Brown CS News

George Konidaris Has Been Promoted To Associate Professor With Tenure

    Click the link that follows for more news about George Konidaris and other recent accomplishments by our faculty.

    Brown CS is happy to announce that George Konidaris has been promoted to Associate Professor with tenure (pending the approval of Brown's Corporation), effective as of July 1, 2022.

    George came to Brown in 2016 after completing postdoctoral research at MIT's Computer Science and Artificial Intelligence Laboratory from 2011-2014 and then serving as Assistant Professor at Duke University from 2014-2016. Since 2016, he's also worked as Chief Roboticist for Realtime Robotics, a startup he co-founded to commercialize the invention of a specialized robot motion planning processor capable of sub-millisecond planning.

    George's research aims to build intelligent, autonomous, general-purpose robots that are generally capable in a wide variety of tasks and environments. His focus is on understanding how to design agents that learn abstraction hierarchies that enable fast, goal-oriented planning, and he develops and applies techniques from machine learning, reinforcement learning, optimal control and planning to construct well-grounded hierarchies that result in fast planning for common cases, and are robust to uncertainty at every level of control. Konidaris believes that advances in all of these areas, as well as advances in how to integrate these areas, is necessary to solve the AI problem.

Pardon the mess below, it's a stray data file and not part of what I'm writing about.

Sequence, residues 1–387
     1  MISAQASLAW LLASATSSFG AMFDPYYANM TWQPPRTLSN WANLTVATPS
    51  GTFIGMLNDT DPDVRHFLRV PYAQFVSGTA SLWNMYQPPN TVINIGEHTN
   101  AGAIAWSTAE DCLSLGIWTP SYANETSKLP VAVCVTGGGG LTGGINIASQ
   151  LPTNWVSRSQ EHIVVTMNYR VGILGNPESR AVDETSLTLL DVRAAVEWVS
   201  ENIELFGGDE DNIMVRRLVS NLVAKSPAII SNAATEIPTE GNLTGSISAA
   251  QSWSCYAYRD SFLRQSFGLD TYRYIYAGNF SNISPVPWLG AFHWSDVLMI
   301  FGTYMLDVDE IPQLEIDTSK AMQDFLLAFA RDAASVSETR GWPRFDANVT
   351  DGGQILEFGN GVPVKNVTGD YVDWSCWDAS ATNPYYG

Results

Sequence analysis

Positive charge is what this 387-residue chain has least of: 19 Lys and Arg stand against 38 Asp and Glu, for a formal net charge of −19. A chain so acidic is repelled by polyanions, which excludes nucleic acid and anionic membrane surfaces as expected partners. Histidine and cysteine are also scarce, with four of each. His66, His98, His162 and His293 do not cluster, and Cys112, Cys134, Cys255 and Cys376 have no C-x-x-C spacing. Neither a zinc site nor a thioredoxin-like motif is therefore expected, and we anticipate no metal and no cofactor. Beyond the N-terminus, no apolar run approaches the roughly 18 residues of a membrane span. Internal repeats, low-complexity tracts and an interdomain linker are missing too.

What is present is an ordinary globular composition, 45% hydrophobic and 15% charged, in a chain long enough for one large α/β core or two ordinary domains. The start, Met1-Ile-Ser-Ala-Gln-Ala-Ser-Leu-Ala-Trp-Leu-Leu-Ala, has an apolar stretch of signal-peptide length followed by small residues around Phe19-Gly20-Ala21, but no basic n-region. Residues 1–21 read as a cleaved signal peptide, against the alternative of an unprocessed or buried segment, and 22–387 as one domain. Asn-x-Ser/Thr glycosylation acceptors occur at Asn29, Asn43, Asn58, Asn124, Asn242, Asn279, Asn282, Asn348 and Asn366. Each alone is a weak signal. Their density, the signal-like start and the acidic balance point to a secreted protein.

Recently, George was invited to give talks at the Third Conference on Robot Learning, the NeurIPS 2021 Deep Reinforcement Learning Workshop, and the 5th Workshop on Semantic Policy and Action Representations for Autonomous Robots. His recent honors include co-authoring a paper ("Multi-Resolution POMDP Planning for Multi-Object Search in 3D") that won the IROS 2021 Best RoboCup Paper Award and earning Brown University's Karen T. Romer Prize for Undergraduate Advising and Mentoringthe IJCAI-JAIR Best Paper Prize ("From Skills to Symbols: Learning Symbolic Representations for Abstract High-Level Planning"), and an NSF CAREER Award.

    For more information, click the link that follows to contact Brown CS Communication and Outreach Specialist Jesse C. Polhemus.